Long range fuel tanks give your 4wd the possibility to carry a lot more fuel on board than a standard vehicle. Once you're on your trip, you have the benefit of driving your 4x4 a lot further without seeing a fuel station! Sometimes this can be really handy. Long range fuel tanks are basically a requirement when travelling to remote areas with your 4wd. Sometimes fuel isn't readily accessible. A long range tank may also save you some coin as the fuel can be a lot more expensive in a remote area.
Long range tanks come in two types. They can replace your existing fuel tank with a much larger version or an auxiliary fuel tank can be installed which sits alongside your current fuel tank. Consideration of both options before purchasing a tank can be beneficial as both have advantages and disadvantages.
Auxiliary fuel tanks have a distinct advantage when it comes to potential emergencies. In the case of a fuel tank puncture or leak, you are able to switch to the auxiliary tank which is hopefuly not ruptured and continue on your journey. If the auxiliary tank doesnt have fuel, you can still capture the remaining leaking fuel and utilise the auxiliary tank.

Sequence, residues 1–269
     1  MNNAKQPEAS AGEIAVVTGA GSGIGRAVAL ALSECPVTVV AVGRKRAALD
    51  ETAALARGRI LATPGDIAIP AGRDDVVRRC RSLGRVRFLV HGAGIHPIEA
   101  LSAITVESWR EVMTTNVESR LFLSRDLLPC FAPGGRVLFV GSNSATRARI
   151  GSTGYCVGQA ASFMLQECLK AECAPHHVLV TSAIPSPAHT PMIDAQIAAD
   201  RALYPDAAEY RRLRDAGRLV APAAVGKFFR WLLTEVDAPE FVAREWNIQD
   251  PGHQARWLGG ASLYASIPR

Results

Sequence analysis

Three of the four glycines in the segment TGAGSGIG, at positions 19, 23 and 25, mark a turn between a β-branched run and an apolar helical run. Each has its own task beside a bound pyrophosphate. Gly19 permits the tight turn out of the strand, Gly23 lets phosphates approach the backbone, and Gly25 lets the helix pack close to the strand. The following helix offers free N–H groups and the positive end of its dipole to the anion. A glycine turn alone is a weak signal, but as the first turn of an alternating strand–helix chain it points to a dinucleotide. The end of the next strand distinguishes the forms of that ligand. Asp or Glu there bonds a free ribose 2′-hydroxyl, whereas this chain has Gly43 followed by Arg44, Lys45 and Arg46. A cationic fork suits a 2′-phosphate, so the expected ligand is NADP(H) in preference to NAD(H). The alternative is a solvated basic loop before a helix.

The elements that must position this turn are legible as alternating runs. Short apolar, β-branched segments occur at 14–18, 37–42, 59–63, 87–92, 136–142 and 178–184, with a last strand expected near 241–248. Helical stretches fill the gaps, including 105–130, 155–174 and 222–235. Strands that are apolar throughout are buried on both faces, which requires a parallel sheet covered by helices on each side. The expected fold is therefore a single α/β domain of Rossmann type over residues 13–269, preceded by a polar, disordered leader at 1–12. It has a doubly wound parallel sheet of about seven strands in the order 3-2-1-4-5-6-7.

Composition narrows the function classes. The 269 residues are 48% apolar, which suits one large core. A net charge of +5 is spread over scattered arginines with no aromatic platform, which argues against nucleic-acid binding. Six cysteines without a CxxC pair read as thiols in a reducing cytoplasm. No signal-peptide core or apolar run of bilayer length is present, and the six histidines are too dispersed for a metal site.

The downside to auxiliary tanks is the space they take up under the car. They also have a more complicated install proceedure requiring a second filler neck and fuel pump to be installed. This often makes kits for them more expensive.
A long range fuel tank replaces your existing tank with a bigger capacity tank enabling you to fill it up with more fuel. When buying a long range tank, make sure you check to see if your ground clearance will be affected. Most of the time a long range tank will hang lower than a standard tank and can cause issues with protecting the tank.
Often a body lift of the vehicle can counter this giving you more body clearance and allowing the tank to be raised up.
Check the clearance of your vehicle to make sure you will be okay off road after installing the long range tank. Make sure there is a protection plate on the long range tank to hopefuly prevent it from rupturing from sticks and rocks.
Different makes of aftermarket fuel tank have different shapes. If the tanks are being mounted at the rear of the vehicle, make sure your departure angles are still good. Often one type of tank will give better departure angles than others.
If you're planning a big trip, a long range tank is a necessity. You'll only run out of fuel in the outback once!